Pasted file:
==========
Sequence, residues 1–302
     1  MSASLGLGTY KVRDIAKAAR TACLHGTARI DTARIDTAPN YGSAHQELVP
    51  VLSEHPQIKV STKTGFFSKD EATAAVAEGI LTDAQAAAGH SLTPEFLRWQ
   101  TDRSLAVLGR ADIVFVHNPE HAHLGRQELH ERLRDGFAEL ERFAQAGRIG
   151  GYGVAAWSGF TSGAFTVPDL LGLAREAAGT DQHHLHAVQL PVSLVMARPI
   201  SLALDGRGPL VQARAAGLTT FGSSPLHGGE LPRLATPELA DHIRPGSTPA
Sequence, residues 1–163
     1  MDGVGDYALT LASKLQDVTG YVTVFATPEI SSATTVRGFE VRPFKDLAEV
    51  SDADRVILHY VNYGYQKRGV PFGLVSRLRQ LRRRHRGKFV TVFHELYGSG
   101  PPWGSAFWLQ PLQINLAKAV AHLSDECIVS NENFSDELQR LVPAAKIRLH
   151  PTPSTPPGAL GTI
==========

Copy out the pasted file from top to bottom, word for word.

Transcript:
Sequence, residues 1–302
     1  MSASLGLGTY KVRDIAKAAR TACLHGTARI DTARIDTAPN YGSAHQELVP
    51  VLSEHPQIKV STKTGFFSKD EATAAVAEGI LTDAQAAAGH SLTPEFLRWQ
   101  TDRSLAVLGR ADIVFVHNPE HAHLGRQELH ERLRDGFAEL ERFAQAGRIG
   151  GYGVAAWSGF TSGAFTVPDL LGLAREAAGT DQHHLHAVQL PVSLVMARPI
   201  SLALDGRGPL VQARAAGLTT FGSSPLHGGE LPRLATPELA DHIRPGSTPA
Sequence, residues 1–163
     1  MDGVGDYALT LASKLQDVTG YVTVFATPEI SSATTVRGFE VRPFKDLAEV
    51  SDADRVILHY VNYGYQKRGV PFGLVSRLRQ LRRRHRGKFV TVFHELYGSG
   101  PPWGSAFWLQ PLQINLAKAV AHLSDECIVS NENFSDELQR LVPAAKIRLH
   151  PTPSTPPGAL GTI